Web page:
The breakout star of the NFL combine is Byron Jones, a cornerback prospect from UConn who delivered an eye-popping performance in front of scouts on Monday.
He broke the combine broad jump record, and jumped higher than all but one prospect in the vertical leap.
After his performance, draft guru Mike Mayock called him a “verified freak” on NFL Network.
But less than two years ago, Dan Kadar of SB Nation reports, Jones was a normal college kid positioning himself for life after graduation. During spring break of his sophomore year, he went to work for Connecticut state representative Joe Aresimowicz in Hartford. He parlayed that into a summer internship with congresswoman Elizabeth Esty in Washington, UConn Today reported at the time.
He was an economics major, and wasn’t holding out much hope that he would have a career in football.
“I didn’t really see the picture,” Jones told Kevin Duffy of MassLive before his breakout combine performance. “A lot of people would tell me ‘Byron, you have the potential to be a great player,’ but at the time I didn’t really have a lot of confidence. I didn’t see it. I just wanted to focus on school, so I took care of my school things but as I got older, I saw that I did have some NFL potential.”
Jones did everything from working the front desk at Esty’s office and giving tours of the Capitol, the Associated Press reported in 2013.
Aresimowicz told the AP about Jones in 2013:
“He has this incredible work ethic. He also has this grasp of how to get people to work together, that was on display almost immediately. He was giving some pretty sound advice to some of us who have been doing this for quite a while.”
The season after those internships, Jones switched from safety to cornerback, and his football career began to take off. He started all 12 games as a junior. He was picked as team captain as a senior, and started the first seven games of the 2014 season before going down with a shoulder injury.
In an interview with MassLive, he credited long days working out with the George Washington University women’s basketball team while interning in Washington D.C. for his success:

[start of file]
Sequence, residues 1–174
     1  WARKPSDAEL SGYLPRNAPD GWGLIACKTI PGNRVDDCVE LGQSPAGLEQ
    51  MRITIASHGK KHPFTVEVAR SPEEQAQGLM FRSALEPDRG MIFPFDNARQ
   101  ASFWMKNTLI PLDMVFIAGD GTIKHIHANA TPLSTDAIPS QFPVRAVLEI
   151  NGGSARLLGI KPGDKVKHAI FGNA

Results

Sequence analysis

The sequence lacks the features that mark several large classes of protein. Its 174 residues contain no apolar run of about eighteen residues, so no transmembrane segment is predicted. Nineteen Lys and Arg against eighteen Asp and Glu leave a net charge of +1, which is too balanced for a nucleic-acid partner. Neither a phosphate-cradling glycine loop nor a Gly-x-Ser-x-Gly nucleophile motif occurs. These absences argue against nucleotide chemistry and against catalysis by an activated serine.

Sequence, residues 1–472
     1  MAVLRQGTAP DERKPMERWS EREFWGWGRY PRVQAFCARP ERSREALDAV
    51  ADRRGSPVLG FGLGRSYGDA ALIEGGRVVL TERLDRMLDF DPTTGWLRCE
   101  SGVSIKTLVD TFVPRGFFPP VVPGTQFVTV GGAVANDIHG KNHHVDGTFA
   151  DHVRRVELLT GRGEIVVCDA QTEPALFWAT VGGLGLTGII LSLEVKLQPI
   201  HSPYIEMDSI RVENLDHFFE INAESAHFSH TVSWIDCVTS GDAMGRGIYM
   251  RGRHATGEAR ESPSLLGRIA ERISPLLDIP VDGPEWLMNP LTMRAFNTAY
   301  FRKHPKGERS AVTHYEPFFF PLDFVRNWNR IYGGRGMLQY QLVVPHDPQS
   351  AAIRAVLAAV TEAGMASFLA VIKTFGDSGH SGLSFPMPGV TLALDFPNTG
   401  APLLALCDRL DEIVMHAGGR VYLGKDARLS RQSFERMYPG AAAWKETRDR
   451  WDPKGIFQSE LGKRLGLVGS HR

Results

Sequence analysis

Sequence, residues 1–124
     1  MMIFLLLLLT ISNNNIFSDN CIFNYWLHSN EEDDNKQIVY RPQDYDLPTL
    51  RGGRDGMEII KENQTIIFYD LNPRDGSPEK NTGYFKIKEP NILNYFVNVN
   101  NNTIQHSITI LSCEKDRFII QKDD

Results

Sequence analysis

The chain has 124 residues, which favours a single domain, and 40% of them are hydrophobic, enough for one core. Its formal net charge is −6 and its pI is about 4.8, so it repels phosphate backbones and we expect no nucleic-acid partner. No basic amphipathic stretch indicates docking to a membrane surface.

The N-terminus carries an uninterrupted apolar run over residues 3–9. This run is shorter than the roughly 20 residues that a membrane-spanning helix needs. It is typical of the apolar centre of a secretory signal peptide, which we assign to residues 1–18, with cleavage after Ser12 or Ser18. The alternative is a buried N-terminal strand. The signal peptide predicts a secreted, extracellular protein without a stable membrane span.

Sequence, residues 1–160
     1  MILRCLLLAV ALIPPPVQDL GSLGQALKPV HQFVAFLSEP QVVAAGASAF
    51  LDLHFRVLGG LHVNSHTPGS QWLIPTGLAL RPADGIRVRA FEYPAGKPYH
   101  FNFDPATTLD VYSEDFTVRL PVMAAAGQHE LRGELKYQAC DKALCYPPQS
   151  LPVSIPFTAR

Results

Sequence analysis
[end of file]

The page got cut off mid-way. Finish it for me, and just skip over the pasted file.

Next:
“I had to wake up at 5 (a.m.), worked out at 7, had my job from 8 to 6. It took an hour and a half to get back because D.C. traffic is so ridiculous. And then I’d run from like 8 to 9. By 9 o’clock I’m done. Eat first, of course, but then go right to sleep. So a lot of it was built up internal motivation just to be a better player and I found myself out there every day doing it, grinding.”
Coming into the combine, projections on him were all over the place. NFL.com had him as the 25th-best cornerback in the class of 2015, while others thought he was one of the 50 best players in the draft.
On Monday, he blew everyone away. He jumped 12 feet, 3 inches in the broad jump, a combine record:
He jumped 44.5 inches in the vertical leap, only a half-inch below the highest jump of the combine:
He didn’t run the 40-yard dash because he’s still recovering from that shoulder injury. ESPN’s Todd McShay told the Union Tribune on a conference call that he can run a 4.3-second 40 — which would have been the fastest of the combine.
“He’s a really good 40 time away from having one of the better corner workouts we’ve ever seen,” said McShay.
A week before the combine he posted a slow-mo video of himself with the caption, “After three months of no running, I’m slowly getting my legs back.”
There’s much more to making it in the NFL than putting up crazy numbers in the combine. But on Monday he showed that he could be the pound-for-pound most physically gifted player in the entire draft. There’s no way he’s falling through the cracks now.
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